Intro to setting up, tuning a PM motor with a VFD
A permanent magnet (PM) motor requires a variable frequency drive (VFD) to operate effectively. See motor comparison table, induction motor vs. PM torque curve, and VFD programming and tuning advice.
- Consider induction motors versus permanent-magnet motors.
- Examine VFD selection, programming, tuning for PM motor applications.
- Learn how to verify PM motor operation after VFD setup and auto tuning.
Induction motor (IM) and permanent magnet (PM) motor designs differ, including their use of variable frequency drives (VFDs). IM motors are designed to be able to run using across the line power to run at a constant speed. A PM motor is not designed to run across the line. A PM motor requires a VFD to provide the correct output to effectively operate the PM motor.
Induction motors versus permanent-magnet motors
It’s important to understand design differences between an IM and PM motor to control each appropriately with a VFD and to select the most appropriate motor and drive for the application. See Figure, table 1 and Figure 2 showing torque curves for an IM versus PM motor.
- An IM is an asynchronous motor where slip is required to produce torque. Motor speed is the difference between the command frequency and the slip frequency. Motor torque varies by the slip frequency (in green).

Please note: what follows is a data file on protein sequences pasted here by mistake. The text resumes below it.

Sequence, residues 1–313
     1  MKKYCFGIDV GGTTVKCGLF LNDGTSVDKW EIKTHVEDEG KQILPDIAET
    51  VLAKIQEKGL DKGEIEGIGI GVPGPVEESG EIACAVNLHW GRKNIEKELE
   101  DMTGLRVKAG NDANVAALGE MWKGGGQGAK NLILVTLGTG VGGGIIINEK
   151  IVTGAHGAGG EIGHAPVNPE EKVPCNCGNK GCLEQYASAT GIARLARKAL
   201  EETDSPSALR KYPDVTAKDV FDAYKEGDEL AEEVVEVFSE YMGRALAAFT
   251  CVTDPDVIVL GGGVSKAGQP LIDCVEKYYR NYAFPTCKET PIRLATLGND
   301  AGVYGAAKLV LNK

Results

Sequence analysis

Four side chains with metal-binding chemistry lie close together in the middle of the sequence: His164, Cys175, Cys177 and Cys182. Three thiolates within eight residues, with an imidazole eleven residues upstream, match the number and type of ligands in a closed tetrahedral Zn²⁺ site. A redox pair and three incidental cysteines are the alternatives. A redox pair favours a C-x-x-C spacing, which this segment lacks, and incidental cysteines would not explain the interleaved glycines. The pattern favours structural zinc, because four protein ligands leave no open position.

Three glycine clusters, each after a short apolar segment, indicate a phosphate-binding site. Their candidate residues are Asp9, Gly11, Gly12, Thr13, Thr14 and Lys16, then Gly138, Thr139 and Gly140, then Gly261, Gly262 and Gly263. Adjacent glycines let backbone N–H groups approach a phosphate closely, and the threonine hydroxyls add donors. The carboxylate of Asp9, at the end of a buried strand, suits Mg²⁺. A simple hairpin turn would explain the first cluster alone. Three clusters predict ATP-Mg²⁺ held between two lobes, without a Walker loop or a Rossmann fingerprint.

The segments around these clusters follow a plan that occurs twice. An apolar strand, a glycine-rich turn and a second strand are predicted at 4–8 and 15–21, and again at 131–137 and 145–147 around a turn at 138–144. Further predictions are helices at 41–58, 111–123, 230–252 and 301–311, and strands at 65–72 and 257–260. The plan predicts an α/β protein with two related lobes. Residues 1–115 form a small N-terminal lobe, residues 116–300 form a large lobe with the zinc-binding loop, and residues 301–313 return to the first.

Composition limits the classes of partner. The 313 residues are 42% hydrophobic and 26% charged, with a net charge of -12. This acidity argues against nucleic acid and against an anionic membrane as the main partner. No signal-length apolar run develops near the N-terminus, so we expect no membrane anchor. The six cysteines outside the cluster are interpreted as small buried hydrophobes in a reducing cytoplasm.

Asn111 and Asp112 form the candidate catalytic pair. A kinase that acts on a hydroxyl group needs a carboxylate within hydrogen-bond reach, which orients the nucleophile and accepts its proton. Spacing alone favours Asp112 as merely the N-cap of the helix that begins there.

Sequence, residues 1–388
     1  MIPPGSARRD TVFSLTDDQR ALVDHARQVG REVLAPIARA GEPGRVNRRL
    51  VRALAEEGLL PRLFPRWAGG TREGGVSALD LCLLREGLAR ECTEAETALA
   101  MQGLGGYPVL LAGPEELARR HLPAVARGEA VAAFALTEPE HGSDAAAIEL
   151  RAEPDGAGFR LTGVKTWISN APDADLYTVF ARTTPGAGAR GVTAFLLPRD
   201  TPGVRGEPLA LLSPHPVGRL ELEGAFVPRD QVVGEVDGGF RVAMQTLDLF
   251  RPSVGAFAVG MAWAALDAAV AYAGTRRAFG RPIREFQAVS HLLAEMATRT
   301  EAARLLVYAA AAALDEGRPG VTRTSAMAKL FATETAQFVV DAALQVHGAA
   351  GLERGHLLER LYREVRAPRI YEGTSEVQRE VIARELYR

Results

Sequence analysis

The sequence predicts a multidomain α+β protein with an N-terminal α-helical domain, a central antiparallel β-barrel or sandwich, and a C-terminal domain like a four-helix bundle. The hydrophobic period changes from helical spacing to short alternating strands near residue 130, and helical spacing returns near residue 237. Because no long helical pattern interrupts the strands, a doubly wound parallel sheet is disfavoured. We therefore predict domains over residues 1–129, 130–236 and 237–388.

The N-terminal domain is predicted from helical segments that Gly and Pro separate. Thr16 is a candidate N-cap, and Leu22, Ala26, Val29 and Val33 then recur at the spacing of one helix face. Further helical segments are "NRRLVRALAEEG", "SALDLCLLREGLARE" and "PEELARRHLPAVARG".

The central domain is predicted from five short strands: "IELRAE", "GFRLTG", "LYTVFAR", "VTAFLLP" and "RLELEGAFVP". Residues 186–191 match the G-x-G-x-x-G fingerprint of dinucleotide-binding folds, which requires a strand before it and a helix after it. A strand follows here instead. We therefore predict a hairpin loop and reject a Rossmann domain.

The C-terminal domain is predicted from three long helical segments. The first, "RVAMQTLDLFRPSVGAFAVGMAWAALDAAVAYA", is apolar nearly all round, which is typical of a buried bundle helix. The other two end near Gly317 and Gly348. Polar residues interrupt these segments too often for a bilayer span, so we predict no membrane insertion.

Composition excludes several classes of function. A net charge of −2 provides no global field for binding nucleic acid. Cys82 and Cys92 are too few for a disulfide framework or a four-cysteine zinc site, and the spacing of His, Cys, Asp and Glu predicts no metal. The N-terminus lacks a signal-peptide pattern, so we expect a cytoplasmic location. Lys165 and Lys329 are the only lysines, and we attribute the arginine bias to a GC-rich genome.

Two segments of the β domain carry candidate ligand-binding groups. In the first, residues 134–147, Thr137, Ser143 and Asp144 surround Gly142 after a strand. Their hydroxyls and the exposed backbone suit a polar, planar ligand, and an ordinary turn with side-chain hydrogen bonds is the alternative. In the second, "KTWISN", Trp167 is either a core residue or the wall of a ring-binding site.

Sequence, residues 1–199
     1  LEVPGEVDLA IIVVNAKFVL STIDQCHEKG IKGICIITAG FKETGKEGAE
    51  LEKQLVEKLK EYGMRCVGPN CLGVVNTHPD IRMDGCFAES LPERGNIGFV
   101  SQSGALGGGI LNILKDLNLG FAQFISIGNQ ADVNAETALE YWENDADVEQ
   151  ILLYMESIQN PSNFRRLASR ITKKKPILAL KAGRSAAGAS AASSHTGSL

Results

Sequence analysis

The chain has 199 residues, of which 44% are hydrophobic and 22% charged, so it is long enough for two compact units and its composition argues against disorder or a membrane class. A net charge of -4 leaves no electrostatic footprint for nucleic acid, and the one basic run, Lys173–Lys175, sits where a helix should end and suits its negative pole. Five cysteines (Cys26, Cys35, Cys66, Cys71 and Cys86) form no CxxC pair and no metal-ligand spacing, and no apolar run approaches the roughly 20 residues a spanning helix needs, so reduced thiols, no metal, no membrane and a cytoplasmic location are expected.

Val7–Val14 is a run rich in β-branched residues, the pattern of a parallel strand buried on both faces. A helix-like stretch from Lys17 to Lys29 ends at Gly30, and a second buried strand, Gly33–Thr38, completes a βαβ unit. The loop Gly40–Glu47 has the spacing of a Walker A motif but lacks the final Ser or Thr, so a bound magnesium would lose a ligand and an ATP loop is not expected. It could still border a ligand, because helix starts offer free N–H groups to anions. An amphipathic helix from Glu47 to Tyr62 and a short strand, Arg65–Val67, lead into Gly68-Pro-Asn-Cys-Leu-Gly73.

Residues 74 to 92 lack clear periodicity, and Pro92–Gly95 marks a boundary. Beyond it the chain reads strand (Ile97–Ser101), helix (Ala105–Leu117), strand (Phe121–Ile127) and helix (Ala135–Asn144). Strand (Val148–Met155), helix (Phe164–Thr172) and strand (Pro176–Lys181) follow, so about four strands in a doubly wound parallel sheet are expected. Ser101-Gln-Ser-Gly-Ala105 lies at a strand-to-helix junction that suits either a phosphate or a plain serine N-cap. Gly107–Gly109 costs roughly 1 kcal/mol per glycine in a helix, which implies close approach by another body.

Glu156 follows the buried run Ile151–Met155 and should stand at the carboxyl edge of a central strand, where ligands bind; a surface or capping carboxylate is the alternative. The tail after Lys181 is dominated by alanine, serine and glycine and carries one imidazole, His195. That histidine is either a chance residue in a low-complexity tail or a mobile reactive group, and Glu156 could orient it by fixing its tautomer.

- A PM motor is a synchronous motor where the motor speed equals the frequency commanded by a VFD and torque can only be generated at the synchronized speed (in blue).
An IM and PM motor differ in size. A PM motor design is more compact and efficient than the IM motor because the rotor contains magnets. Because a PM motor already has created a magnetic field, an instant and constant torque is available. The IM rotor is wound and requires the induction from the stator field to create the rotor magnetic field.
PM motors are more complex and require a programmed VFD to operate them.
PM motor data, electro-motive force
A key component to the PM motor is knowing the Back EMF (electro-motive force). A PM motor will naturally generate a voltage by rotating the motor much like a generator. The back EMF voltage is in units of volts per 1000 revolutions per minute (V/krpm). This value is often available on the motor name plate when setting up and tuning a VFD (Figure 3).
Other key components are the PM motor’s stator resistance and Ld and Lq inductance values (showing the inductance paths). Ld and Lq inductances are the two vector control coordinates that are typically 90 degrees apart. The current that flows through Ld determines the magnetic field’s control. The current that flows through Lq determines the torque production (Figure 4).
Example of PM motor VFD setup, tuning
An example follows of VFD setup and tuning to run a PM motor in a blower-fan application. Prior to setting up and tuning the drive, 10 pieces of information are needed as shown in Table 2.
These are motor model number, motor-rated power (hp), motor-rated voltage (Vac), motor rated frequency (Hz), motor-rated amps (A), motor number of poles, motor stator resistance (Ω), Ld inductance (mH), Lq inductance (mH) and back EMF (V/krpm). If this data is unavailable on the motor name plate, contact the motor manufacturer.
VFD selection, programming, tuning for PM motor applications
The VFD selected must be able to provide proper current and voltage for the selected motor.